Philip Clark

I wish the cult of Frank Sinatra would end

I wish the cult of Frank Sinatra would end
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Walking around central London, I’ve been struck by how many shows Frank Sinatra has been performing in town recently. He played a string of concerts in July at the Royal Albert Hall (which as any schoolboy knows was actually named after Sinatra’s middle name), and he is currently performing an extended summer season at the London Palladium. Quite how Frank is going to cope this Friday evening, when this eternal Sinatra séance requires his spirit to put in an appearance as his life and music is celebrated at the Proms, at the same time as he gigs at the Palladium, I’m not sure.

The good news for Sinatra fans is that death has comprehensively failed to stall their hero’s career; in fact, since breathing his last in 1998, there have been noticeably more live events where the spectre of Sinatra has been present than when he was alive.

In July, the fruit of Sinatra’s own loins, dolled up in a Vegas tuxedo, took central stage at the Albert Hall. Had you been handed the commercially advantageous name ‘Frank Sinatra Jr’, and could buff up a semi-decent impersonation, wouldn't you cash in too? Quick-witted Sinatra aficionados observe that he even looks like Frank Senior. A little bit. But these days that’s all you need.

When, in 2006, Sinatra played the Palladium ‘he’ came reincarnated as a hologram with virtual blue eyes and virtual vocal chords. This time round, ‘he’ appears on big screens slung around the stage, the evening spiced up by a live big band and twerking dancing girls. Holograms are mucho expensive presumably and even Frank is not immune from the brutal economic realities of austerity.

But then Nancy Sinatra, the singer’s daughter, goes and spoils it all by saying something stupid. 'It’s not other people doing Frank; it’s Frank doing Frank!' she proclaims, a slogan that blares from posters and banners at the front of the Palladium – a profoundly crap use of language which might even mean the precise opposite of what was intended.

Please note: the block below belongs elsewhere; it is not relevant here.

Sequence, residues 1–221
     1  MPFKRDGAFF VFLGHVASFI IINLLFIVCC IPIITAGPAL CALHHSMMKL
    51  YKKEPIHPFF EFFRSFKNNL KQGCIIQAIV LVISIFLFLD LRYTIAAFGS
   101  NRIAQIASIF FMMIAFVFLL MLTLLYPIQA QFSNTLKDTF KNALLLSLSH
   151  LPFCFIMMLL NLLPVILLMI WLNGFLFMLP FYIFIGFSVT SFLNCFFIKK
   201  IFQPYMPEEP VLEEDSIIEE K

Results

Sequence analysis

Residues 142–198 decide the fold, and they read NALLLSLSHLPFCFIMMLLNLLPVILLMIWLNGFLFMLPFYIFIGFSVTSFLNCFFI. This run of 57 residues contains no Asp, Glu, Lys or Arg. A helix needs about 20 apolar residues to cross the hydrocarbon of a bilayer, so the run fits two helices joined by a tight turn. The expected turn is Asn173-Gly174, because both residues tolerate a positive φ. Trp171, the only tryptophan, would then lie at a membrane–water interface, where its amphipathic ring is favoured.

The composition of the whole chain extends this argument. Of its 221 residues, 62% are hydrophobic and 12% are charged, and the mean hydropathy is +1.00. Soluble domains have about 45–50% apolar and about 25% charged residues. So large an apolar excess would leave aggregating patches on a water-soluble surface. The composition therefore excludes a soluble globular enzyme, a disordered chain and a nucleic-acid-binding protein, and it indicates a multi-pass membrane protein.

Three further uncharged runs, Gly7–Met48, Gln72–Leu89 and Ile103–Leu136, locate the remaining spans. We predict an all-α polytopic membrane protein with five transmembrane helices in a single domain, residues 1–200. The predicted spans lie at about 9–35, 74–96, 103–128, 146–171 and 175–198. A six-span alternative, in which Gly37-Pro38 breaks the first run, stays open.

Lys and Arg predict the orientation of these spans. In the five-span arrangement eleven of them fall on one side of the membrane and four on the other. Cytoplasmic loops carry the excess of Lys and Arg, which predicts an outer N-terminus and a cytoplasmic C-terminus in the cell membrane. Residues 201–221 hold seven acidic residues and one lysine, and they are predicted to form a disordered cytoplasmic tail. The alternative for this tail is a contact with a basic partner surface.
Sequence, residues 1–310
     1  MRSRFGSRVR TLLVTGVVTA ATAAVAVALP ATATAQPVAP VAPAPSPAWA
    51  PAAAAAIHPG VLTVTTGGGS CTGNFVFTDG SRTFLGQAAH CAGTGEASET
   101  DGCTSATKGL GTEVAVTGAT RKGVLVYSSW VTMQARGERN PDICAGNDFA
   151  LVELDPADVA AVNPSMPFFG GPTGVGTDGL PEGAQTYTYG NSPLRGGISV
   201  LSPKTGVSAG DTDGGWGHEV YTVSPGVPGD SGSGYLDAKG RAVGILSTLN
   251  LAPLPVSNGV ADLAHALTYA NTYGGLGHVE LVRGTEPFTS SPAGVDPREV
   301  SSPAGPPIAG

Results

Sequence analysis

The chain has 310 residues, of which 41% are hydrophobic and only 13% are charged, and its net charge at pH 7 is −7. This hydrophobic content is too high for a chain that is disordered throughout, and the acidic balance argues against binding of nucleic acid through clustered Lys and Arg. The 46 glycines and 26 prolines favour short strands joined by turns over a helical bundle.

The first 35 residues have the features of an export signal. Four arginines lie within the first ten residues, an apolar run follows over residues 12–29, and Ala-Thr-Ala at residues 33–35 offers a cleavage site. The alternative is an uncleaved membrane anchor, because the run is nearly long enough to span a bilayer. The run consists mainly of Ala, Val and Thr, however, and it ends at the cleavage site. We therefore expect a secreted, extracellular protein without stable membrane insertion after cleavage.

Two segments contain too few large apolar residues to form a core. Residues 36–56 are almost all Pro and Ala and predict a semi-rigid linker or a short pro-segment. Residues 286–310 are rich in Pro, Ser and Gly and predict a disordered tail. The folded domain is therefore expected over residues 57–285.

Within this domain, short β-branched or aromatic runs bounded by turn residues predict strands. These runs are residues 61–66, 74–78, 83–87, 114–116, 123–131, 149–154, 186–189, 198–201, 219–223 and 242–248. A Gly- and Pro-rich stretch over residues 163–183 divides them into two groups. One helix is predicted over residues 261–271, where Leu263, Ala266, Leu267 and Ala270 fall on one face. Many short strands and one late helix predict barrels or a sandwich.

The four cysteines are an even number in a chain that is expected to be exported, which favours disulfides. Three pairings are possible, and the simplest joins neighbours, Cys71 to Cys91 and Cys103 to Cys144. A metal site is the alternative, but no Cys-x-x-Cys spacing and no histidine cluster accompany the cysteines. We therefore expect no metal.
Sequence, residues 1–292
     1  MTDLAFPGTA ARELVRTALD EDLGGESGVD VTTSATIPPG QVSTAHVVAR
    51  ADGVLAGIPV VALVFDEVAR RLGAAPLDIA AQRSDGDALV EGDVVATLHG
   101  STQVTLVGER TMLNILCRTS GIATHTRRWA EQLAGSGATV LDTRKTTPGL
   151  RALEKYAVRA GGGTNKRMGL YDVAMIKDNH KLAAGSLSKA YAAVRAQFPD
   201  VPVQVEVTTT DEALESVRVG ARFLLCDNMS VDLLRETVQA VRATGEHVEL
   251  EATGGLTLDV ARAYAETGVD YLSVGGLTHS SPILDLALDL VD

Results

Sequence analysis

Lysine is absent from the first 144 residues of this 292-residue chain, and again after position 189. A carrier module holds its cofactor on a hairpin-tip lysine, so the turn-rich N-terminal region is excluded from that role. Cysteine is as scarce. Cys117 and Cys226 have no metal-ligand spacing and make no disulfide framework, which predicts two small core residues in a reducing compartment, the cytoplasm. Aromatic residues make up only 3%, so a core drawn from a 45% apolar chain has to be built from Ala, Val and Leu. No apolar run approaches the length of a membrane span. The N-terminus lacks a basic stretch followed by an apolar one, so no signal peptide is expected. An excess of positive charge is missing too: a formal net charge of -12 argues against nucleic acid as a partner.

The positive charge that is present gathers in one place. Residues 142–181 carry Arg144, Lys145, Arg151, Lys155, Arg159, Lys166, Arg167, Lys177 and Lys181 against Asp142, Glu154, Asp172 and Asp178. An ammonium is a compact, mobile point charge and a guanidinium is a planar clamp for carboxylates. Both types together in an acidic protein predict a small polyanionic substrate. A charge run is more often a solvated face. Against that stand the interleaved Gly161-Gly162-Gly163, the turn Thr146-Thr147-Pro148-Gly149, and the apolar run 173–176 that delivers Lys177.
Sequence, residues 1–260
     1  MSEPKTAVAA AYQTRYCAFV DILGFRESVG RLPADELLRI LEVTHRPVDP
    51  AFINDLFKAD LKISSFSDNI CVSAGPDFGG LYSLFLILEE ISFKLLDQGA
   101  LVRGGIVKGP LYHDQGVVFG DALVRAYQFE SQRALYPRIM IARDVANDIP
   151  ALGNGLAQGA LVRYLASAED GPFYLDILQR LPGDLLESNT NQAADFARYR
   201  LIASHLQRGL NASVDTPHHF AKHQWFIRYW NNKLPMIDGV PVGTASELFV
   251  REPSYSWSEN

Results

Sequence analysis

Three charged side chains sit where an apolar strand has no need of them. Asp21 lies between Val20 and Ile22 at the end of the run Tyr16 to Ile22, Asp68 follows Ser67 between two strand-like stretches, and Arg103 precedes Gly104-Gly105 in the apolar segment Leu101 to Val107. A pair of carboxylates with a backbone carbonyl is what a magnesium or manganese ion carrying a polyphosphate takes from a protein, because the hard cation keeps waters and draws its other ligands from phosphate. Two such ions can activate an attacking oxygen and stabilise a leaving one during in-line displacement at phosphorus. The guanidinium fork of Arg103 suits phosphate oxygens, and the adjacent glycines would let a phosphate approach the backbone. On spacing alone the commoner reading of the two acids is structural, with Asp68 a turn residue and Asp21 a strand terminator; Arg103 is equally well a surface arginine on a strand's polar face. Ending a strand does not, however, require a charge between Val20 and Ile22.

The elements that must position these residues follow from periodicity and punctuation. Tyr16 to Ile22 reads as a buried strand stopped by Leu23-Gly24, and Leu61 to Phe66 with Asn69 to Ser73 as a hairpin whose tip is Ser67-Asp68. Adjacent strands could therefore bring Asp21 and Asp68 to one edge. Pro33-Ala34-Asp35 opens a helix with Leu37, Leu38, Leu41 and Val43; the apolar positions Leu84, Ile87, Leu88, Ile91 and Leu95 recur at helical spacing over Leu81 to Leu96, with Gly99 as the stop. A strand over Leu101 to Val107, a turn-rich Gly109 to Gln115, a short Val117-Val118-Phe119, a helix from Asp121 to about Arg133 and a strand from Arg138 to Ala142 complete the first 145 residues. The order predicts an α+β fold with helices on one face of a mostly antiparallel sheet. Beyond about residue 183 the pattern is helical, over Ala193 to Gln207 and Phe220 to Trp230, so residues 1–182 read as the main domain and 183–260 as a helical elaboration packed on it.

Because even when Sinatra was alive, the bubble of his celebrity was such that he was untouchable, unapproachable, unused to the ways of any world which you or I might consider real and authentic. Frank himself was already a virtual Frank in his latter years, a living pre-posthumous Frank, a Frank who did Frank, a Frank who was expected to do Frank, a Frank who certainly was not about to disappoint his audience by not doing Frank, a Frank whose whole world was frankly defined by the frankness of being Frank. Frank: a dependable and enduring brand like Coca-Cola, with a formula just as mysterious.

And brands, if you happen to own the formula, become easy to mechanically re- and mass-produce – unlike art, which is about change and evolution. Old Frank, his voice not what it was, visibly aging, occasionally smudging a lyric, became erratic and unreliable at carrying the weight of his own brand. Much better now that the brand has been contained and brought in-house! Sinatra holograms and footage, airbrushed and quality controlled, locked in time, become more authentic than the thing itself.

Personally, the culture that surrounded the actual Sinatra feels as alien and inexplicable to me as golf. All that rampant hedonism; the macho drinking; not women but ‘broads’; flash the cash, get what you want; a curious of lack of concern about the ills of the wider world; complex emotional impulses reduced to three-minute archetypes that wallow, then stagnate, in the overcooked syrup of sententious orchestrations.

But his phrasing! That innate ability to carry a lyric, I hear you say. And fair enough. He had vocal technique in spades, but with technique comes responsibility and Sinatra downgraded his muse to the level of a Disney theme park – a self-indulgent ride that I, for one, wish would just stop.